Tuesday, January 12, 2016

All natural flea repellant

Here in North America our Winter is in full swing.  So this post isn't exactly timely, but we have a question for all of you.  When Spring arrives, what do you use for flea and tick prevention?  We are looking to go the all natural route, as we want to avoid pesticides.  There are so many different suggestions online, we wondered what have you found to be the safest and most effective?

I know many people use the leading topical flea treatments, and they are happy with the results.  And I'm not criticizing those that do choose to use these products.  But after going through the heartbreak of losing a dog to cancer, when he was only 7 years old, we have become very particular about which foods, treats, vaccines and medicines we give our dogs.  Losing a dog is devastating enough, without losing them before their time.  With collies having issues with so many drugs, we already have to be super vigilant anyway.  (See Here and Here). #overprotectivedogmom


And two bloggers already kindly responded to my inquires, but I lost the links to your responses.  Sorry, I didn't want you think I was ignoring your suggestions.

Edit to add:
Our friends at Keep the Tail Wagging just posted about what works for her.  You can find it here -


  1. Hi there, Fortunately for Hunter, we don't get fleas here-guess the deep snow keeps them away. When we lived in Ca. we did and I used the meds the vet gave-now I'm much more holistic. My old response would have been garlic, but I've learned the garlic can makes dog sick. I would go to a pet store that is more apt to carry holistic remedies.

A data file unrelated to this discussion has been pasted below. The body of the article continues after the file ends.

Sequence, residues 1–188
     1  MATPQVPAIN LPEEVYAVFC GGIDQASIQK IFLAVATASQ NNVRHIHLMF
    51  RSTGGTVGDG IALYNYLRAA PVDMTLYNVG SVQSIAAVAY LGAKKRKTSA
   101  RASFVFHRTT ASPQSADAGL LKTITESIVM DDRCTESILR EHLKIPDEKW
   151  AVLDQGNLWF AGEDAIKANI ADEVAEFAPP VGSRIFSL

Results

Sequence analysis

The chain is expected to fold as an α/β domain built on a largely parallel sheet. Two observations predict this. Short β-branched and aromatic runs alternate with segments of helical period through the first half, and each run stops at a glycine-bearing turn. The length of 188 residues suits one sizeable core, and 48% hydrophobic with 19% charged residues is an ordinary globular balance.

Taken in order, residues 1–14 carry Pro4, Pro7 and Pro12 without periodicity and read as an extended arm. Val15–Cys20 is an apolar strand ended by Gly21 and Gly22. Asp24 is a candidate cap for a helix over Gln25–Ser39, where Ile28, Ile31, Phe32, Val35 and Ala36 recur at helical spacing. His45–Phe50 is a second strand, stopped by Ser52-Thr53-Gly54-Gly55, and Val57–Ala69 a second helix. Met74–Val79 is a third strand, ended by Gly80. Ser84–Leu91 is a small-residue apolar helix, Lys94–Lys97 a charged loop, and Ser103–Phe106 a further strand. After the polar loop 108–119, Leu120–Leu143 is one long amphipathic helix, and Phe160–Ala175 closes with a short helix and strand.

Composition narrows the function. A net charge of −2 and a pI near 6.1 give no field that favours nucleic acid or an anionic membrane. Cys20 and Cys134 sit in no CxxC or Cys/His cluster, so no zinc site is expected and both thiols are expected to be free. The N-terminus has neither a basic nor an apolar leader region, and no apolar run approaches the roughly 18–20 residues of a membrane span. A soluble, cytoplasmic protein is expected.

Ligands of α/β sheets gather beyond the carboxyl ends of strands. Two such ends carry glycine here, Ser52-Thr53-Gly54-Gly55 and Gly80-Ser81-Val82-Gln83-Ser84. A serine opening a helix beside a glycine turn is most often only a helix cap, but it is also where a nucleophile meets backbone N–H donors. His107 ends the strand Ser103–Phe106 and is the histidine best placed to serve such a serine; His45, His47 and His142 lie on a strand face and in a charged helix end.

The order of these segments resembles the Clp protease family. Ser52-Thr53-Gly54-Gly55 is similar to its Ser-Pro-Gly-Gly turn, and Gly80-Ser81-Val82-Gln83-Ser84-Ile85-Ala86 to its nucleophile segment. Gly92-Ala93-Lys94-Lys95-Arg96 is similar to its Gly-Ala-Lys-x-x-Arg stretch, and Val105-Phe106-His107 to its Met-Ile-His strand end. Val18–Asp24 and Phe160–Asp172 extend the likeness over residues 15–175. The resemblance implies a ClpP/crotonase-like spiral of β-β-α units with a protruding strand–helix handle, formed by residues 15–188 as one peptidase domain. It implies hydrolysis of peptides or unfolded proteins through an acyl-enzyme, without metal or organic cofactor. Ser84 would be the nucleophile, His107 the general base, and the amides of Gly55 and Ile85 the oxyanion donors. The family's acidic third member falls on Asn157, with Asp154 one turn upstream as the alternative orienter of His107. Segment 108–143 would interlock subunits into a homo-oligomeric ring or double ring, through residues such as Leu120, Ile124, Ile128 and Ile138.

1. Thanks, I will probably do that. I have seen many recipes for making your own sprays using various essential oils. But I am not sure which one is best. And I have read garlic is bad, but recently some people are now reporting that it isn't bad as previously believed. There can be so much conflicting info out there its hard to know what is true.

  2. I live in Oregon and unfortunately the fleas here are resistant to most natural remedies. We have to use Advantage and sometimes it doesn't even work and we can forget about using Frontline because all the fleas are resistant to it.

    I give the girls regular baths and we also use Diatomaceous earth. We haven't had much luck with it, though!

    1. We give baths on regular basis, just not too often because it can damage the collie coat.
      I used to use Frontline, but it stopped working here too. Then Lad got cancer, which I believe was linked to the use of topical flea preventatives. (The cancer actually started right where we would apply the topical treatments.) I know many experts say these treatments are safe, but after reading many articles written by those who follow holistic methods I have personally decided to avoid pesticides on my dogs. I do realize I may be overreacting after watching the pain and suffering my boy went through, but it is what it is.

  3. it's a tough one to answer - a bit like the dilemma people have with baby vaccinations. Having worked as a vet tech for many years I saw far too many dogs with heart worms, tetanus and other ailments which could and would have been preventable with a simple shot or medicine. Ultimately it is up to each individual to work out what they want to do and to deal with what ever consequences that occur as a result of them

    1. We do use heart worm preventatives, that is one thing we can't avoid. There are definitely heartworm carrying mosquitoes in our area.